Are funds facing a recruitment crisis?

Written by: Dave Waller Posted: 13/11/2017

BL53_recruitPopulation controls and on-island education are just two of the challenges facing Jersey and Guernsey when it comes to employing people in their growing funds industries

The funds industries in the Channel Islands aren’t exactly part-time operations. As of June, Guernsey had £271bn of funds under management and administration, while the value of regulated funds in Jersey stood at £263bn. The industry in both islands is growing, employing thousands of people (an estimated 4,000 in Jersey alone) in every facet, from hedge funds and private equity to real estate, fund administration, depositaries, law and, increasingly, compliance. 

All that growth doesn’t come without its pressures. A machine like this is always going to require fresh brain power, especially as it has to react to constant changes in the industry. But, like other aspects of the finance sector, funds face a major, and unavoidable, issue – you can only fit so many people on an island.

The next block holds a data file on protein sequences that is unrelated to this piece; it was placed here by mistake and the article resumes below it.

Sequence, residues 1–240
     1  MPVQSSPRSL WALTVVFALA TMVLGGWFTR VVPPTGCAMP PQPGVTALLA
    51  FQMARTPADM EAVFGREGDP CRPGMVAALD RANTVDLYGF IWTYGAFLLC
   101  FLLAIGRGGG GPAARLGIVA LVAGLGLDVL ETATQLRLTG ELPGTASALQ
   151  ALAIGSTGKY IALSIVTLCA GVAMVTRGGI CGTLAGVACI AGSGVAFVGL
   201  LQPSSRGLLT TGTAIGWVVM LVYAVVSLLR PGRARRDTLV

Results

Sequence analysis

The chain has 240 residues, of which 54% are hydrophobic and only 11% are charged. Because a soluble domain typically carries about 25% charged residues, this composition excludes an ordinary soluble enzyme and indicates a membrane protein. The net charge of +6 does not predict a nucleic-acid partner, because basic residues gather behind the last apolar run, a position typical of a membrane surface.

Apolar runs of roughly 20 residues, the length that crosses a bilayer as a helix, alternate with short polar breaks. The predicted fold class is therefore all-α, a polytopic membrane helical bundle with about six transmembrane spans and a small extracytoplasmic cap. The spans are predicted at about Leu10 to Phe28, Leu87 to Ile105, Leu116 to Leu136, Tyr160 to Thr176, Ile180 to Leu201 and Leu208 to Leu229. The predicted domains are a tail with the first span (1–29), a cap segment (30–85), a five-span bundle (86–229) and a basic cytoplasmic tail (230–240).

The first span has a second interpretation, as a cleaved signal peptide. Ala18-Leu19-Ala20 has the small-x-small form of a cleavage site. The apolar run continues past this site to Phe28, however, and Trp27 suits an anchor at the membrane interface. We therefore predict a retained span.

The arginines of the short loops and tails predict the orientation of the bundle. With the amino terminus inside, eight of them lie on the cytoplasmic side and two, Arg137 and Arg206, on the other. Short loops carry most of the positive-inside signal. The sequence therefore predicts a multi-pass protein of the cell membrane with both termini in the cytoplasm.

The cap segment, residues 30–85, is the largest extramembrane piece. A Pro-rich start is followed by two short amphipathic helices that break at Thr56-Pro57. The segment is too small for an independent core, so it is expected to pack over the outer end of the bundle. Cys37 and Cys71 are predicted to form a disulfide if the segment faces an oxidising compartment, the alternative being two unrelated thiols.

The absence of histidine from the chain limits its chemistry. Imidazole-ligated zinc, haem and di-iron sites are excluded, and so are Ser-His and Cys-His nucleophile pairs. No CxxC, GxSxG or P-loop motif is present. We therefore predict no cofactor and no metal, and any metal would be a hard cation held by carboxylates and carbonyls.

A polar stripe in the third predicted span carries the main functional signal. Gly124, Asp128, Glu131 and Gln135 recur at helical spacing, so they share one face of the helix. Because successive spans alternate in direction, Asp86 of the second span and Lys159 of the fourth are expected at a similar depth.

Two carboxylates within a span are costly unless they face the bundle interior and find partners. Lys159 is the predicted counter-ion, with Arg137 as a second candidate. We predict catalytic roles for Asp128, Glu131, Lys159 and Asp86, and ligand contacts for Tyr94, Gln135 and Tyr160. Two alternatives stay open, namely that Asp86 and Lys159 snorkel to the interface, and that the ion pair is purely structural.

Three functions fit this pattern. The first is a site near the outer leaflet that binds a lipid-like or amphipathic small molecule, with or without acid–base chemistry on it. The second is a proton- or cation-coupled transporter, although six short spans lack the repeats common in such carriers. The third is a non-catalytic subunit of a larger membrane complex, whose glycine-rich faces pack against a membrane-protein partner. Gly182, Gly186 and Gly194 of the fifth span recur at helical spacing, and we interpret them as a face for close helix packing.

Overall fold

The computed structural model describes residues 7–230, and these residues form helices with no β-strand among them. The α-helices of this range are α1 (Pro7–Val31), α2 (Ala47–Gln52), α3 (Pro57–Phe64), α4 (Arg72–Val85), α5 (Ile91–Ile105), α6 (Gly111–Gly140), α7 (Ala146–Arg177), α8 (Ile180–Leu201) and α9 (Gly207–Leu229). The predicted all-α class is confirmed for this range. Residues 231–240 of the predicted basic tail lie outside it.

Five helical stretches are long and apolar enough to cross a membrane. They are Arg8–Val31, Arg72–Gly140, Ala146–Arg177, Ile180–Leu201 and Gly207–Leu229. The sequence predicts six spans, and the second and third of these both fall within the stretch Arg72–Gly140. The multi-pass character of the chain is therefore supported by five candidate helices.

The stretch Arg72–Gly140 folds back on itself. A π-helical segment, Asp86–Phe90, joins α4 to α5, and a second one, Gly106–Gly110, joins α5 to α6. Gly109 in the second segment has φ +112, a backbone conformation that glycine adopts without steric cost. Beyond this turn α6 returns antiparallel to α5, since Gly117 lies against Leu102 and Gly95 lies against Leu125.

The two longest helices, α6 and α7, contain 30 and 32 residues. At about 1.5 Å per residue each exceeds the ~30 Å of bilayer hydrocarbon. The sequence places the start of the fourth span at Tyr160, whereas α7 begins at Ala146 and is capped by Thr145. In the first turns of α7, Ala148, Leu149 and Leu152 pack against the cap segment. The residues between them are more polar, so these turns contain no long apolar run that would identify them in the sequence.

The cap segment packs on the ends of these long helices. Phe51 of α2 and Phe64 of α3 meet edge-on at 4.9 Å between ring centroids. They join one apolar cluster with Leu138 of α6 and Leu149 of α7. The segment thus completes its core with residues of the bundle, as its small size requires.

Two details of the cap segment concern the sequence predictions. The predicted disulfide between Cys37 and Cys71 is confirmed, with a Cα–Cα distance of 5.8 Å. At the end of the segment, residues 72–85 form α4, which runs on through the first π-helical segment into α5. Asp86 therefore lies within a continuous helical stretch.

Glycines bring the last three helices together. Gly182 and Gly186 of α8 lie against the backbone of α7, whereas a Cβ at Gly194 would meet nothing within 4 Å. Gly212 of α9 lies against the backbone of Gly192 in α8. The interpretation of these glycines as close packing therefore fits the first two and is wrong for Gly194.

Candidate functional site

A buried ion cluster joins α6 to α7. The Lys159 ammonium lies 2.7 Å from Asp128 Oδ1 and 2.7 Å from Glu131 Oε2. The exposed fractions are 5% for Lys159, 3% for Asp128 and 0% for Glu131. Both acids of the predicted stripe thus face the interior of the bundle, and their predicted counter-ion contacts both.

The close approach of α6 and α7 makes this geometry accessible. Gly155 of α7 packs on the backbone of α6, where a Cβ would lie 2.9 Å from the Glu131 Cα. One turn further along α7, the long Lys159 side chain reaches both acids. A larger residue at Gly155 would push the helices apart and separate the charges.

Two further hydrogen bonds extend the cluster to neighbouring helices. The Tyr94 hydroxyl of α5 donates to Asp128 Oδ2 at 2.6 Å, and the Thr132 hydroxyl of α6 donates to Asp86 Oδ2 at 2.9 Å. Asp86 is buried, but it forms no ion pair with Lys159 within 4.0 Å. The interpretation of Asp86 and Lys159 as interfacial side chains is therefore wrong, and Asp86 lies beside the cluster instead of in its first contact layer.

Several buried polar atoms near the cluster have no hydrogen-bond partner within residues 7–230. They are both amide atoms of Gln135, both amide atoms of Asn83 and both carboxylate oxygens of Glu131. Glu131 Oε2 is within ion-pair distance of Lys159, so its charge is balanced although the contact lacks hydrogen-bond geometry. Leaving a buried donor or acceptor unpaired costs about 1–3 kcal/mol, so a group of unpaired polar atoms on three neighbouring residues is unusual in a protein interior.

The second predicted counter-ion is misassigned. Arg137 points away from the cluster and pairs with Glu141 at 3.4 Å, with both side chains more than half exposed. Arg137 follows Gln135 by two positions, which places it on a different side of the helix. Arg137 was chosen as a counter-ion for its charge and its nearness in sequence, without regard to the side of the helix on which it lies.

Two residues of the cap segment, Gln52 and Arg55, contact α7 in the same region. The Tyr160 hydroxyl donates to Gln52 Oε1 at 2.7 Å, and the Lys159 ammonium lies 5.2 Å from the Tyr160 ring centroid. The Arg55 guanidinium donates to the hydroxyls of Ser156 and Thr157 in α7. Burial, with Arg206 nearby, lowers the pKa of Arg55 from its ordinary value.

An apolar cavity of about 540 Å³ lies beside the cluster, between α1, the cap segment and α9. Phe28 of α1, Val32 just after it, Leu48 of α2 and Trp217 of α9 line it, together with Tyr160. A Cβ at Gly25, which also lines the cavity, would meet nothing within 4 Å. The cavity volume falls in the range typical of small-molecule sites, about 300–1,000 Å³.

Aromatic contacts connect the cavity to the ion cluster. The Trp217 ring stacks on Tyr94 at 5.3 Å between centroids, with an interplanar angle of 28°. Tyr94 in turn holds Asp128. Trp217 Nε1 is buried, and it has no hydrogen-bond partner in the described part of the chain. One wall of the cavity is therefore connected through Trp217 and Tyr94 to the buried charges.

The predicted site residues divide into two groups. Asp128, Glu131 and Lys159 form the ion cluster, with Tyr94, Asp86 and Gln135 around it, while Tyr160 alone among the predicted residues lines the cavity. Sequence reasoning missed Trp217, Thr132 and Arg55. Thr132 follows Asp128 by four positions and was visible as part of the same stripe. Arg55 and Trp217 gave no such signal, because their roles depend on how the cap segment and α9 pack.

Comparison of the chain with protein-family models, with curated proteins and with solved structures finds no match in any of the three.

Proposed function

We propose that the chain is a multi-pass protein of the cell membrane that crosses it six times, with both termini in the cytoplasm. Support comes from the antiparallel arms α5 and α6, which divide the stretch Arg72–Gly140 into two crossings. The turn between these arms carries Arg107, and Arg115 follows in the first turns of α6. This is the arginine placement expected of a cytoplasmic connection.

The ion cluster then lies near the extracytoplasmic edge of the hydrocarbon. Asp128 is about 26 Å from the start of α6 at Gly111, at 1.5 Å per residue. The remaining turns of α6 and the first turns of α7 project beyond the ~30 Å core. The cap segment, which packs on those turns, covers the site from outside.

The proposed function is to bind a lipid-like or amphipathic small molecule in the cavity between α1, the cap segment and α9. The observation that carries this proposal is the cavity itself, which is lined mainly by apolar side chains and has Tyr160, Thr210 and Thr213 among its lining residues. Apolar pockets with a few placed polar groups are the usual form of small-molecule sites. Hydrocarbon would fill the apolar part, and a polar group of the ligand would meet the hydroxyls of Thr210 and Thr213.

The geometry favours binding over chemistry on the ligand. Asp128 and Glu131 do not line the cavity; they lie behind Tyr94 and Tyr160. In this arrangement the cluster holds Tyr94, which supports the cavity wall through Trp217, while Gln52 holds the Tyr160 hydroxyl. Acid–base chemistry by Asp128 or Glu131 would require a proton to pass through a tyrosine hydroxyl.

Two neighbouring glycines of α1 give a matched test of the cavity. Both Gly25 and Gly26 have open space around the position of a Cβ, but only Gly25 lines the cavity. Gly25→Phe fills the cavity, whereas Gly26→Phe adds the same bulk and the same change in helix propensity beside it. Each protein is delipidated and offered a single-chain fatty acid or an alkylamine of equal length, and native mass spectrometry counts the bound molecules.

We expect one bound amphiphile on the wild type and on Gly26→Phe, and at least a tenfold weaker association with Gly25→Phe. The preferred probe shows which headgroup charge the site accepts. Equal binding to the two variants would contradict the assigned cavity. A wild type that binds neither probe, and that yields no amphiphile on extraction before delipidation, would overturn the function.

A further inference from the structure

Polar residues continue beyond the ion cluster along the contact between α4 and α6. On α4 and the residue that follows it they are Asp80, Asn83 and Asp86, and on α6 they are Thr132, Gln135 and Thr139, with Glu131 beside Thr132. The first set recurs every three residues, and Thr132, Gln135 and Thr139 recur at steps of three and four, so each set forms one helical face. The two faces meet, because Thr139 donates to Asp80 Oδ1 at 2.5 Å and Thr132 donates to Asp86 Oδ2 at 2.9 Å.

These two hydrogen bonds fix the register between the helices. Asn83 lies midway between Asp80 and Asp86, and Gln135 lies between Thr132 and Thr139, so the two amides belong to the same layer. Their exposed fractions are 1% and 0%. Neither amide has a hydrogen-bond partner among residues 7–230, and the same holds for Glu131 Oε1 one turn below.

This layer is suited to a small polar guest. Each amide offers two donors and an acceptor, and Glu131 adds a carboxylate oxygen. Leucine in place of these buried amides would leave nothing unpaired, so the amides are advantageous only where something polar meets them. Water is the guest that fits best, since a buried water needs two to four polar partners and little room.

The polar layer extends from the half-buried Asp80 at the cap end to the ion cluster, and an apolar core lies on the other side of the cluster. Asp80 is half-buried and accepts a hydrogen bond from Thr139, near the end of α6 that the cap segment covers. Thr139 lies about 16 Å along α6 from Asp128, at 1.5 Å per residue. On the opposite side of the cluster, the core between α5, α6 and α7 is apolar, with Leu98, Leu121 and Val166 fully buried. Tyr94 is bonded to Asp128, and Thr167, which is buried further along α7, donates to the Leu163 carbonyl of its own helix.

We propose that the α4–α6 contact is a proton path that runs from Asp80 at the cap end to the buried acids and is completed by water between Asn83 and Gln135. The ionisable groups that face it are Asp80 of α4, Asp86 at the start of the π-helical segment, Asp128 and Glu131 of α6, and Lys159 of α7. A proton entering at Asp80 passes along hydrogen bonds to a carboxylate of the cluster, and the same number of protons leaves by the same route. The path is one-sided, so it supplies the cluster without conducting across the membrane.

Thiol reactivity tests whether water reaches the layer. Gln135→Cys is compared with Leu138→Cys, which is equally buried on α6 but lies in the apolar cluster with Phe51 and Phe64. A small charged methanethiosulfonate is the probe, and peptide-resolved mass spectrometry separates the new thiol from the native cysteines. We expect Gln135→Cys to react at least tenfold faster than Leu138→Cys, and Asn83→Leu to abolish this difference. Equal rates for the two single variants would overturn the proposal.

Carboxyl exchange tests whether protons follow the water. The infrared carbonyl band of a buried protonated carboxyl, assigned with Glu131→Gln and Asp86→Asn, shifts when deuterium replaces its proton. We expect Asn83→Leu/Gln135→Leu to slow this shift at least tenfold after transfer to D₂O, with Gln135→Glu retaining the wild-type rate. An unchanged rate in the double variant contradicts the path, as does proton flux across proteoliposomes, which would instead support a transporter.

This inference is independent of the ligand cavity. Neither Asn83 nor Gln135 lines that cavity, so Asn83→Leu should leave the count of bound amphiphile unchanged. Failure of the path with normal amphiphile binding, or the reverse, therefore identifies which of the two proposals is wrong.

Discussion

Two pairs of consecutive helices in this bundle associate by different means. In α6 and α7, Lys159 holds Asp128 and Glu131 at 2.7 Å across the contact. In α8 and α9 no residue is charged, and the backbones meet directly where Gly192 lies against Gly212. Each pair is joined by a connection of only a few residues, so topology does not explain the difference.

Not only is there a natural limit to the number of fund-literate professionals resident on any small lump of land, but geographical constraints also mean the governments in both islands are being forced to tighten population control, restricting the potential to bring people in. 

As part of upcoming changes to its population policy, Jersey’s Population Office revoked 283 permanent registered permissions – the licences that allow organisations to introduce employees from off-island – in the six months to August. It revoked only 47 in the first half of 2016.